Sunday, September 18, 2011

Church Artists: The 2nd Service

What seems like most of my 19 year tenure at our church, we've had two or more services. In recent years we've been at one service--and gotten used to it. Two weeks ago we're gladly back at two services.

My observation of the band last week, and dialoguing with guys I was playing with this week, reminded me that as a musician (or vocalist), the second service is harder.

This might not make sense, since intuitively you have one under your belt. You have the confidence that you and the rest of the crew can pull it off. This is deceptive.

It's harder for a number of reasons:

1. You're talking and hanging out with friends in between services. Your mind is elsewhere.
2. Your adrenaline is down--you don't have that natural edge you had in the first service.
3. Emotionally, you've done it before; it's not fresh; doesn't feel spontaneous. 

Playing well in the second service requires something we didn't have to conjure up for the first service that we don't talk about in music rehearsals: discipline.

The second performance requires us to be more disciplined mentally. It's tougher in the space between our ears. And as musicians can be an emotional lot, this feels odd. We're having to think and focus more on something we'd rather feel more spontaneously.

You might say that the uncertainty of never having performed this set, fuels us in the 1st service. But it's our mental focus that fuels the 2nd service.

Musicians want to feel music similarly to the way we all want to feel love. And it actually works very much the same.

When we start dating someone (with whom we're compatible), just being with them fuels our feelings of attraction. The situation of newly dating seems to provide its own fuel. That's the first service.

But after enough time passes, emotional love doesn't exist without the discipline of loving actions. We're no longer new to each other--the situation no longer fuels us quite like it used to. So we choose loving actions that result in loving emotions--that's how post-courtship love works. That's the second service.

What music teams are doing in churches is art. And art requires discipline. Art without discipline isn't very good art, really. So I encourage us as church arts teams to grow in the discipline of playing second services even better than the first.

And please don't get me wrong--I am not mentally robotically playing the second service. That would be hideous. That wouldn't be art.

I am trying to be at least as emotionally vested in the second service as I was the first--and perhaps more. I'm trying to nail it technically and authentically exude it emotionally. This is difficult. I didn't learn to do it overnight. And that my friends is what makes it art...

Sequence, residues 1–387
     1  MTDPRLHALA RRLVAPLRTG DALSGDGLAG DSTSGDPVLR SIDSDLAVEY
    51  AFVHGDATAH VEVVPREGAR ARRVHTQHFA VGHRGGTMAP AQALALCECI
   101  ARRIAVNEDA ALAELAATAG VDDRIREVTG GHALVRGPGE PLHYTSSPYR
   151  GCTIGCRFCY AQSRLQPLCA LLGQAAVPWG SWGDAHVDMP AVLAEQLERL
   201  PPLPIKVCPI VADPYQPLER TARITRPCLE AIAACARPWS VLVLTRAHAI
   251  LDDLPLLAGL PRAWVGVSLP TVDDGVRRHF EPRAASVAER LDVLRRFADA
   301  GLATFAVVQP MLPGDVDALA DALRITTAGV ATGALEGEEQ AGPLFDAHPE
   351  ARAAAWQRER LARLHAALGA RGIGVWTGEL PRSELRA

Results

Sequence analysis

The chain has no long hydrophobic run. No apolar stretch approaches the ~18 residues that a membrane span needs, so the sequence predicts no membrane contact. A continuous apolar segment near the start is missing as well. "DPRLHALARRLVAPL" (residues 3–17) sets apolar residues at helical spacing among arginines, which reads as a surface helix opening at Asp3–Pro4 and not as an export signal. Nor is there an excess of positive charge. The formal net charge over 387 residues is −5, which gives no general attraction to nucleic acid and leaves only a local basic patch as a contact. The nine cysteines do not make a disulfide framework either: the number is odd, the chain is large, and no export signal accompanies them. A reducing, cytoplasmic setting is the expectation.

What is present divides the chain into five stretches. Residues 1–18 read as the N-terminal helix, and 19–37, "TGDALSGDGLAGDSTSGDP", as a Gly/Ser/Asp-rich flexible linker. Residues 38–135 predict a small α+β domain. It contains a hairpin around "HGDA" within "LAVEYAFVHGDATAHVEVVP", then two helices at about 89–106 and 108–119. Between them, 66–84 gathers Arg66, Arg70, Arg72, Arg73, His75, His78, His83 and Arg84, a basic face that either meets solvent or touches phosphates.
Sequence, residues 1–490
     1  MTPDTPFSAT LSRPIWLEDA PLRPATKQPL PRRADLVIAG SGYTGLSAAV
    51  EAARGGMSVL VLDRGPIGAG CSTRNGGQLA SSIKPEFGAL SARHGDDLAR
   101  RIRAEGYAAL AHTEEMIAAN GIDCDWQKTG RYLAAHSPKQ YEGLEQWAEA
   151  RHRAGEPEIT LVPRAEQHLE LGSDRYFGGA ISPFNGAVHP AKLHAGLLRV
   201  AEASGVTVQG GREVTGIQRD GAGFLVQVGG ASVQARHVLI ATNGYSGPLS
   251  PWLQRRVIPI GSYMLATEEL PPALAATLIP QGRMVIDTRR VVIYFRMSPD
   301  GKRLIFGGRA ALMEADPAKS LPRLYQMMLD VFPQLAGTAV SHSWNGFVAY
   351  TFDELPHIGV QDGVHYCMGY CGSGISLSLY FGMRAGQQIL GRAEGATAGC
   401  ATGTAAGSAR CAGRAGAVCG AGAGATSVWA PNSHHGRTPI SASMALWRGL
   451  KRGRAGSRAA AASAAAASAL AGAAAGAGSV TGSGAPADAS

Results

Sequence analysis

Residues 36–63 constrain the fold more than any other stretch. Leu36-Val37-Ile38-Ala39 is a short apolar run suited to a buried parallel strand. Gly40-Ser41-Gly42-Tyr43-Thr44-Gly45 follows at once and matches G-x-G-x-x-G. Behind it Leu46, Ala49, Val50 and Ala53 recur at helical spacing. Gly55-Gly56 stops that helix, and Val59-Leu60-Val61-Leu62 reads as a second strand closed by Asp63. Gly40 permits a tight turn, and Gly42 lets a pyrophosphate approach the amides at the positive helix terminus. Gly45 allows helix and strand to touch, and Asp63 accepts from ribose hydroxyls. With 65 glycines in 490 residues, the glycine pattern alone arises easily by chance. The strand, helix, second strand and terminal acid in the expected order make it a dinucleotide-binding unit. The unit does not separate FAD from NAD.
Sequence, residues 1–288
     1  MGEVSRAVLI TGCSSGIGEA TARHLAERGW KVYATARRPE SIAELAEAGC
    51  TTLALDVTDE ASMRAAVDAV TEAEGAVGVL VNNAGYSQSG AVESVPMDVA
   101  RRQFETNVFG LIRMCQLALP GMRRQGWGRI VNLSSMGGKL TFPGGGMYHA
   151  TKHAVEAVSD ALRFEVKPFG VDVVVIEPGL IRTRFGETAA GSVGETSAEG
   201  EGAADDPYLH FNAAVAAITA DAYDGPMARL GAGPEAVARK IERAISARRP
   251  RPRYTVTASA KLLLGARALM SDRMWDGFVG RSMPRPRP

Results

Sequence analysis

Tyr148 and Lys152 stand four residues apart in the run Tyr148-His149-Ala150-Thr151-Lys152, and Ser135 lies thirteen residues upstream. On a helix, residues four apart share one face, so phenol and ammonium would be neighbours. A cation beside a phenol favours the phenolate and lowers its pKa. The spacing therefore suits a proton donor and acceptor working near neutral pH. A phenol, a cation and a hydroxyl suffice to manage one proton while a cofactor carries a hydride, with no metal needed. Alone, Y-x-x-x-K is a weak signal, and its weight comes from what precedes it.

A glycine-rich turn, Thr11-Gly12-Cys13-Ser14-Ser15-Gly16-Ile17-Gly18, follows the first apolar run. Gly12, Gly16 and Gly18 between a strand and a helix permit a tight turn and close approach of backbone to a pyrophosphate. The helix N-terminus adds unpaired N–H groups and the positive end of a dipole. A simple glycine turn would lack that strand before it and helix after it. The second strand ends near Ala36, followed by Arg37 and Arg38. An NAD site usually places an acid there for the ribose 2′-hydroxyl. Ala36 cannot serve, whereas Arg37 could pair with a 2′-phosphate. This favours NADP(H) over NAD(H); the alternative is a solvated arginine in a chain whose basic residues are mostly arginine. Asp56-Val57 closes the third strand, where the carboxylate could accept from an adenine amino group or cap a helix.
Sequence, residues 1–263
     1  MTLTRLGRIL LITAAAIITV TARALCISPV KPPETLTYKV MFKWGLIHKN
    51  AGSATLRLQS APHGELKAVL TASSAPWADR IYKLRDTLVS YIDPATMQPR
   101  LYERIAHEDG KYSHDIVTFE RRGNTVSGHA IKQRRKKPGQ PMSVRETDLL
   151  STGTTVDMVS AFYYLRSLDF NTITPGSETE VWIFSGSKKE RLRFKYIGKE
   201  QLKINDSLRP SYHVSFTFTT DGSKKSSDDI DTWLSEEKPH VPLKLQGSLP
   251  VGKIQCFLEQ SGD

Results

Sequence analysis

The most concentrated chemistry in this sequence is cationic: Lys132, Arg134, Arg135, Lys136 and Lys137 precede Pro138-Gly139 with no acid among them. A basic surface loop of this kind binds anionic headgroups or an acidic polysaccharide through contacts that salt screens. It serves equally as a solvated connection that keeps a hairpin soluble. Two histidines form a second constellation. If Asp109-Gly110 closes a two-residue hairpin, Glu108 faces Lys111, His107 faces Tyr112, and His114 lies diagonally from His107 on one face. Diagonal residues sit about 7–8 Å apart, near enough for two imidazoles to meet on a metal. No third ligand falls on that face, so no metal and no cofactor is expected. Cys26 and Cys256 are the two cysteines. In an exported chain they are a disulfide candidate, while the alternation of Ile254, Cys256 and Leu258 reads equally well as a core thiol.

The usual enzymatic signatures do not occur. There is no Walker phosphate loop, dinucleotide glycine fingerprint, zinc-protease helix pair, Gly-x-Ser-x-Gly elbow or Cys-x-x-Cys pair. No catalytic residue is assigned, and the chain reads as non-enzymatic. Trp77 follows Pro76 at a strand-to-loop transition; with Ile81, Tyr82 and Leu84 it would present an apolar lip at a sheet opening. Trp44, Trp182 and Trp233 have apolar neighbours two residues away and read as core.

Saturday, September 10, 2011

Say Something Before You Do Something

In this point in history we are a very vocal people. That is, on social media and to our friends. We're vocal in all the easiest of situations.

But if there's something or someone we don't like; if there's something we don't care for, we quietly, secretly back away. We back away from friends, family, church, restaurants, websites...without a word to those involved.

Last year we had what I thought was a raw deal in terms of a cut-and-dried auto insurance claim. It had been bugging me. I was thinking about leaving our long-time agent. So I went to his office and politely, respectfully talked to him about it like a human. I told him my thoughts and why I was entertaining leaving.

We tried to help each other better understand each other. I talked with him like a man, not an agent. And he talked with me like man, not a customer. I'm probably more likely to stay with him after that. But I'm not 100%. If I do leave his agency, he will know why.

The other day I renewed one of my website domain names. The website was horrible. It was like a visual representation of an army of Billy Maze's yelling at me. I emailed the company. I respectfully told them I didn't appreciate their strategy and that they could do better; that their web strategy will make me reconsider using them in the future.

Those examples were pretty benign: insurance and a website. But what about the local restaurant that goes out of business because no one tells the manager/owner what the product or service was like?

What about the spouse that you stop communicating with because you don't have the nerve to engage them about______________?

What about the friend that's just easier to stop contacting because of ________________?

We think negatively: believing that our words will not result in any change, and so we keep quiet. But in reality our words might initiate change or understanding.